What is the difference between a thread and a process?
Processes and threads are related to each other but are fundamentally different.
A process can be thought of as an instance of a program in execution. A process is an independent entity to which system resources(e.g., CPU time and memory) are allocated. Each process is executed in a separate address space, and one process cannot access the variables and data structures of another process. If a process wishes to access another process’s resource，inter-process communications have to be used. These include pipes, files, sockets, and other forms.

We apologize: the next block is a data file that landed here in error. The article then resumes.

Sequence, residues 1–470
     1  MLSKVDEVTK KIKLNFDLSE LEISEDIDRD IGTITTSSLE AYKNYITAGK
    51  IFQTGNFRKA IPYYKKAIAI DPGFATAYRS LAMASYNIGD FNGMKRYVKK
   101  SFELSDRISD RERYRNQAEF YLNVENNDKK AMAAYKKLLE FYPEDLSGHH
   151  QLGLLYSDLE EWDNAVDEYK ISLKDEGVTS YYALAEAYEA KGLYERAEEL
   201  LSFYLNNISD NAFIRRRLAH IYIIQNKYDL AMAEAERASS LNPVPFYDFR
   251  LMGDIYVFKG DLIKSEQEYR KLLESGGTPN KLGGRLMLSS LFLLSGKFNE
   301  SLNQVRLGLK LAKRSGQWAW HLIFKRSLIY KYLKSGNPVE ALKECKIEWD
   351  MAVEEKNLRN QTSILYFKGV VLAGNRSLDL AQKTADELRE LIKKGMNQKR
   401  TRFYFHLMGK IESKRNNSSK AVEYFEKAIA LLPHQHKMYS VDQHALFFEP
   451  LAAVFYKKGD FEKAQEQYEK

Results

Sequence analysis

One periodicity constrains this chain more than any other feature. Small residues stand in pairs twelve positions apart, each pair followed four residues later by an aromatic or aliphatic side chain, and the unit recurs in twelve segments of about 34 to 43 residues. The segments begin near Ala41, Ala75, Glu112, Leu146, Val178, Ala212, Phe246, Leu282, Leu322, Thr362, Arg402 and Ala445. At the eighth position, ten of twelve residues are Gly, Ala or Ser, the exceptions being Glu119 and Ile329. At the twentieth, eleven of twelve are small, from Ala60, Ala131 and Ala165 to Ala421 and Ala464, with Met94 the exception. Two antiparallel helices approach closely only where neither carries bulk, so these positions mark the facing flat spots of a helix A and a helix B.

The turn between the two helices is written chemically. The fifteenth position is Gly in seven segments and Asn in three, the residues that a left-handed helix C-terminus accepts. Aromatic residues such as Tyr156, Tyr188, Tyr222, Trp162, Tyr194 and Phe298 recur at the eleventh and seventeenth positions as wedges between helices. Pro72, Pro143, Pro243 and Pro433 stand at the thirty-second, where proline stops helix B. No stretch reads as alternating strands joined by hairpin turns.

A thread uses the same stack space of a process, and multiple threads share parts of their states. Typically, one allows multiple threads to read and write the same memory. This is very different from processes, which cannot directly access the memory of another process. Each thread still has its own registers and its own stack, but other threads can read and write the stack memory.
A thread is a particular execution path of a process. When one thread modifies a process resources, the change is immediately visible to sibling threads.